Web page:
Authors+Show Affiliations

Institute of General Practice, Goethe University, Frankfurt/Main, Germany.Department of Sports Medicine, Institute of Sports Sciences, Goethe University, Frankfurt/Main, Germany.Brain Imaging Center, Frankfurt/Main, Germany.Department of Sports Medicine, Institute of Sports Sciences, Goethe University, Frankfurt/Main, Germany.Department of Sports Medicine, Institute of Sports Sciences, Goethe University, Frankfurt/Main, Germany.Institute of Neuroradiology, Goethe University Hospital Frankfurt, Frankfurt/Main, Germany.Neurobiology and Neurotrophins Laboratory, Department of Psychiatry and Psychotherapy, Charité University Medicine, Berlin, Germany.Brain Imaging Center, Frankfurt/Main, Germany.Institute of Neuroradiology, Goethe University Hospital Frankfurt, Frankfurt/Main, Germany.Department of Sports Medicine, Institute of Sports Sciences, Goethe University, Frankfurt/Main, Germany.Institute of General Practice, Goethe University, Frankfurt/Main, Germany.Department of Sports Medicine, Institute of Sports Sciences, Goethe University, Frankfurt/Main, Germany.Department of Sports Medicine, Institute of Sports Sciences, Goethe University, Frankfurt/Main, Germany.Institute of General Practice, Goethe University, Frankfurt/Main, Germany.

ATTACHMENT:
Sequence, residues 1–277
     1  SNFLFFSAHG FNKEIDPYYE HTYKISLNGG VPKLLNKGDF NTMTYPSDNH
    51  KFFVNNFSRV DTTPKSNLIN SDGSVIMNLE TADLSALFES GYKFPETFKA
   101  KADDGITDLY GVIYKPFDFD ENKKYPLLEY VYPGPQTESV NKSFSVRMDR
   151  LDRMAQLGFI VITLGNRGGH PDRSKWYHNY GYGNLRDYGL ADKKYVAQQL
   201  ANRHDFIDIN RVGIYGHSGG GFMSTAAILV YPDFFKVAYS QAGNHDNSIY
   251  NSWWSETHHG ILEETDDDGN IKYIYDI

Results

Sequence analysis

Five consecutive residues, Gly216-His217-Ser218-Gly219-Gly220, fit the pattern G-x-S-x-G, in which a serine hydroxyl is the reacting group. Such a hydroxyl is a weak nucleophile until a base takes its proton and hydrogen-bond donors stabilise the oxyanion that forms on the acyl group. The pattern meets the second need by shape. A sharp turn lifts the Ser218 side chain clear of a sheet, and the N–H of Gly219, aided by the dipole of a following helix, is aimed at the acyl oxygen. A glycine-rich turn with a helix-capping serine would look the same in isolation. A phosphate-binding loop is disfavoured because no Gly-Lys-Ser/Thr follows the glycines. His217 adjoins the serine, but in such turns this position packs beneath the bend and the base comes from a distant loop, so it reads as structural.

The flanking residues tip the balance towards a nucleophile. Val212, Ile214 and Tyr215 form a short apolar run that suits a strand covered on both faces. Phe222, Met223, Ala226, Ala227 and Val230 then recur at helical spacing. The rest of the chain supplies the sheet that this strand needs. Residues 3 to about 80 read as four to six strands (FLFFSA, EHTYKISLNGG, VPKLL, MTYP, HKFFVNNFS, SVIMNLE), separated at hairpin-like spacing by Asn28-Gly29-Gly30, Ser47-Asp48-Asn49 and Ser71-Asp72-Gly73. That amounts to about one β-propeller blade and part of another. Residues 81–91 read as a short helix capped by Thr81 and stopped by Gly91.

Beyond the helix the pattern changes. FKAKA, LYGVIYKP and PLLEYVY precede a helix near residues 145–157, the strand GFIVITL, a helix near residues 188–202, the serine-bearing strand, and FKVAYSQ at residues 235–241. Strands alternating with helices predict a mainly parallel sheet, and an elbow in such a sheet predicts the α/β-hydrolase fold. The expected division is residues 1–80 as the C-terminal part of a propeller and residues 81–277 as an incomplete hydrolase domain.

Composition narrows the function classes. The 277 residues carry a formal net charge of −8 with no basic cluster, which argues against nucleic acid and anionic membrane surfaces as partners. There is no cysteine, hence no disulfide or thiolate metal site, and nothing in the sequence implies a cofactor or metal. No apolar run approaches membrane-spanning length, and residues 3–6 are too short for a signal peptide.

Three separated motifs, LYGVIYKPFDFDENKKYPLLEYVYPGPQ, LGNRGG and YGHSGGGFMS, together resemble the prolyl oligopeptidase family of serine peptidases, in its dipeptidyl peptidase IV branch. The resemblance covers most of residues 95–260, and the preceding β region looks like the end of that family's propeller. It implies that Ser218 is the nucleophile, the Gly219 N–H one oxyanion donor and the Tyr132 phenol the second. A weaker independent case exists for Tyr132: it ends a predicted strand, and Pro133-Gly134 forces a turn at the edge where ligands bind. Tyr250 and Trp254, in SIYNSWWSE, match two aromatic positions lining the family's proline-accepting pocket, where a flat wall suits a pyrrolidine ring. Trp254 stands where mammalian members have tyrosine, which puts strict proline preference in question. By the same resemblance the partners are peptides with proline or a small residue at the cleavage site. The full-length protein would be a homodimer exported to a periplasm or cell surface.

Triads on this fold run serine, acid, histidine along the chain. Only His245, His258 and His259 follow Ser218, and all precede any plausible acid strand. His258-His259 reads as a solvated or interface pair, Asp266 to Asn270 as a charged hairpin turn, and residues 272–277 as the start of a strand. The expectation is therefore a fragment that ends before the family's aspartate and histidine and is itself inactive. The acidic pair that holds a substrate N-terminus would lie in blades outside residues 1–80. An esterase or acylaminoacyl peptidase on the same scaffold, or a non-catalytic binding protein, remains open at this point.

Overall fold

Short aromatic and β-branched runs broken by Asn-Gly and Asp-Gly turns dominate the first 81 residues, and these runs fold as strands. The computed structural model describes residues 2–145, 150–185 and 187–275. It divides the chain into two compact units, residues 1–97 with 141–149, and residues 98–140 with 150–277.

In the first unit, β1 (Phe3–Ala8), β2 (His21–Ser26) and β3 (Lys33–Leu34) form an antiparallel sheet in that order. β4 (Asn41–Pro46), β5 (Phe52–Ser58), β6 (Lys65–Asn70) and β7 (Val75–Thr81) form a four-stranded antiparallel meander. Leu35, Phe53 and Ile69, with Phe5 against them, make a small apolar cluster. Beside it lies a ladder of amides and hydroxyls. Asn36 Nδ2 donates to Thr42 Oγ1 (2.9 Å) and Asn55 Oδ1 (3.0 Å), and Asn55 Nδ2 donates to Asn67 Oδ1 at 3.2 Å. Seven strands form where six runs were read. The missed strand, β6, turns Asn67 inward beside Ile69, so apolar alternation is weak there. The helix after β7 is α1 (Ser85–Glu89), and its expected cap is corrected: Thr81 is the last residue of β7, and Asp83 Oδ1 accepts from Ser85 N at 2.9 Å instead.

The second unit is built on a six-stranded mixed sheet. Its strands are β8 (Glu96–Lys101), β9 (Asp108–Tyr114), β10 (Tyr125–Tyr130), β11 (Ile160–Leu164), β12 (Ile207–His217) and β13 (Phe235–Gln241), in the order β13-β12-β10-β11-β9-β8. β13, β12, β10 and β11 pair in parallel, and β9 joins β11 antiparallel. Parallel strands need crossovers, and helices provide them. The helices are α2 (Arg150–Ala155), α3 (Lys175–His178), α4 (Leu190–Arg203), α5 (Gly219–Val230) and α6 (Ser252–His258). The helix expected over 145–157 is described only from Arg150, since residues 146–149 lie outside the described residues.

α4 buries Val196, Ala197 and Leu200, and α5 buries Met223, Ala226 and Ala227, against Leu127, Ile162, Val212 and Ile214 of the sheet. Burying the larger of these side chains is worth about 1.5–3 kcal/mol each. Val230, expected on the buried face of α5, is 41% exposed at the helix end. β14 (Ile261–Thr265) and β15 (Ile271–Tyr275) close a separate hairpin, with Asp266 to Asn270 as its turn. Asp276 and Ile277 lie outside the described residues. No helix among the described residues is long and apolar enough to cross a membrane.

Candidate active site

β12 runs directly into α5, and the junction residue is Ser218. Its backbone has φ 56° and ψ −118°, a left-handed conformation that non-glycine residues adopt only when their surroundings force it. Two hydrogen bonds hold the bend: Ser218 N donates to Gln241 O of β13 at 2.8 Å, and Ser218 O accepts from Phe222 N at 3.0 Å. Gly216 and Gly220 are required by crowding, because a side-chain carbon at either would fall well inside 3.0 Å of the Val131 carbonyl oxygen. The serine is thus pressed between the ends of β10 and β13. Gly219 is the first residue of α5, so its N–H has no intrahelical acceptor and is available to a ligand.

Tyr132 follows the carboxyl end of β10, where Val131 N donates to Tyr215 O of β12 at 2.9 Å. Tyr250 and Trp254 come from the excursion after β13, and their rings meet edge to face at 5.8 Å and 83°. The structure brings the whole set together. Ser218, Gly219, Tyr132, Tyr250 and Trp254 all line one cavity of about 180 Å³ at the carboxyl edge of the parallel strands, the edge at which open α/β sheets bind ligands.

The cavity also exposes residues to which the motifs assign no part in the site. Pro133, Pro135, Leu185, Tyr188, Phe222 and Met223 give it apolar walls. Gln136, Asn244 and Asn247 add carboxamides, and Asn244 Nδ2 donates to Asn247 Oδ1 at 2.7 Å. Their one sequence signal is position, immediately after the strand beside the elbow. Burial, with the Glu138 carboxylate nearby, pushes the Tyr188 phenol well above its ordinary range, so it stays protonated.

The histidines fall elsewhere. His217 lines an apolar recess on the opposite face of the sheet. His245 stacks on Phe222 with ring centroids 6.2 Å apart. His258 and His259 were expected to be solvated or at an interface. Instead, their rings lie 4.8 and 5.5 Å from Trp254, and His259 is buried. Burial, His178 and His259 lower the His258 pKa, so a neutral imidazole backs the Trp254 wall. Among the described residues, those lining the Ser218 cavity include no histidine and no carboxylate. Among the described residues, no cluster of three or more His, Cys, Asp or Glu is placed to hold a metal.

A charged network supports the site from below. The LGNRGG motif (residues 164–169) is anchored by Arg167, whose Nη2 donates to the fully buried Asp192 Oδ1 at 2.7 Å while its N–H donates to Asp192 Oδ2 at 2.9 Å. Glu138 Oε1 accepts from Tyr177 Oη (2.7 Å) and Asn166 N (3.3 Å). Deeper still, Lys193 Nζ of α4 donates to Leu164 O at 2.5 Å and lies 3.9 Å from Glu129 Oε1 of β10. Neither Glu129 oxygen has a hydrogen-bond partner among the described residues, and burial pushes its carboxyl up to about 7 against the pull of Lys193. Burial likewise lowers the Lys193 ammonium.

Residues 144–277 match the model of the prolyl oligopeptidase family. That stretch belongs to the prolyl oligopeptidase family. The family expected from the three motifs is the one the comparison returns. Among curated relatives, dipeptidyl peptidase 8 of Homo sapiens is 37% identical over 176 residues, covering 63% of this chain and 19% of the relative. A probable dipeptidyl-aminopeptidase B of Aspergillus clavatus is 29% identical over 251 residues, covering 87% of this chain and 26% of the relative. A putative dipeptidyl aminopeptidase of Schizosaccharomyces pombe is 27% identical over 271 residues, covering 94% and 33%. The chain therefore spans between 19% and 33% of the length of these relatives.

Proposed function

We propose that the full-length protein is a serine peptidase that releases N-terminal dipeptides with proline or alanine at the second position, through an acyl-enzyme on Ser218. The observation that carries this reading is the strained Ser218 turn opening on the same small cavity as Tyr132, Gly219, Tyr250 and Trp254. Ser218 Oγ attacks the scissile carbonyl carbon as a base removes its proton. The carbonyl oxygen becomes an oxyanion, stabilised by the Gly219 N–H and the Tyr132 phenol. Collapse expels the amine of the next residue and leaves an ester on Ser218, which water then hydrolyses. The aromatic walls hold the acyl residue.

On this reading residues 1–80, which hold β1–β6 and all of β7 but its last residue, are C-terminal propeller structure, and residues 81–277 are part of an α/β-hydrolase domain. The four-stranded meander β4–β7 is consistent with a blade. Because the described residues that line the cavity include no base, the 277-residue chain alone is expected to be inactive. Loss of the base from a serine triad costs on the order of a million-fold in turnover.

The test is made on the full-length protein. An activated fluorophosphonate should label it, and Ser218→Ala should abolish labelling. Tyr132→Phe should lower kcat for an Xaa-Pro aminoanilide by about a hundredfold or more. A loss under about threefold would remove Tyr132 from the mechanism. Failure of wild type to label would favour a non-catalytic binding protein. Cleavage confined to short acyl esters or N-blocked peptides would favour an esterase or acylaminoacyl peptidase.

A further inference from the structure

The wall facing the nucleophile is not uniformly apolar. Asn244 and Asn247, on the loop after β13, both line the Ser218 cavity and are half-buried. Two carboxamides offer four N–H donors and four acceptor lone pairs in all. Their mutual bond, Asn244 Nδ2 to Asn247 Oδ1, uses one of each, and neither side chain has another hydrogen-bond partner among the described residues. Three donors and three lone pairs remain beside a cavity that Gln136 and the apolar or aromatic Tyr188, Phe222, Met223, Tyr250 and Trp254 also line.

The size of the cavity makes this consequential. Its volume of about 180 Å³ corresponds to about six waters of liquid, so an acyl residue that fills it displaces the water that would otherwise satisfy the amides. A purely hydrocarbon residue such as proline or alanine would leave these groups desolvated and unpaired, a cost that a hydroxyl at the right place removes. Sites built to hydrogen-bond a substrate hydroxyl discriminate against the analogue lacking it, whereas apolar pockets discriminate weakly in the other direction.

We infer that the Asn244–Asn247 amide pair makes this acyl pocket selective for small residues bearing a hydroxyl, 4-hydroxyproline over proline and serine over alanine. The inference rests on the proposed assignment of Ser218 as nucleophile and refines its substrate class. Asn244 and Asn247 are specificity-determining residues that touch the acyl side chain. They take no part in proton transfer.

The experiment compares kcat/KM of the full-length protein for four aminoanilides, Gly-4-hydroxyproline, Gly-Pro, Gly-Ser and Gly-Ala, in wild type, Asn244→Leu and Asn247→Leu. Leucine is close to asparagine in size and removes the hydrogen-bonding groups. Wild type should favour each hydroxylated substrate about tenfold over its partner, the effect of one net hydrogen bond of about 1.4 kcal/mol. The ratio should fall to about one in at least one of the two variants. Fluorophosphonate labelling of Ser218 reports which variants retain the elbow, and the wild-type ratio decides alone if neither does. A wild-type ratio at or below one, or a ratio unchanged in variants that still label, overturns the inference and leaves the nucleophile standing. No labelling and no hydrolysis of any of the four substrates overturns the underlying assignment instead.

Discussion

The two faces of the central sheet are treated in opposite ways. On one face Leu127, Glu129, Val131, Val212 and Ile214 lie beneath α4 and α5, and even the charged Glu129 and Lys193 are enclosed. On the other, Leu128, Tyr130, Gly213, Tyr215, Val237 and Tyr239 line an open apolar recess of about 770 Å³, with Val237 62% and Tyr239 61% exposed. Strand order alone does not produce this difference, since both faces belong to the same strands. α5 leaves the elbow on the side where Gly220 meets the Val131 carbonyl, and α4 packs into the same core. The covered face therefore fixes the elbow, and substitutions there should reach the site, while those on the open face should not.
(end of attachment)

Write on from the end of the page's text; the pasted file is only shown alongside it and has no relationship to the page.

Pub Type(s)

Journal Article
Randomized Controlled Trial

Language

eng

PubMed ID

28934191

Citation

Matura, S, et al. "Effects of Aerobic Exercise On Brain Metabolism and Grey Matter Volume in Older Adults: Results of the Randomised Controlled SMART Trial." Translational Psychiatry, vol. 7, no. 7, 2017, pp. e1172.
Matura S, Fleckenstein J, Deichmann R, et al. Effects of aerobic exercise on brain metabolism and grey matter volume in older adults: results of the randomised controlled SMART trial. Transl Psychiatry. 2017;7(7):e1172.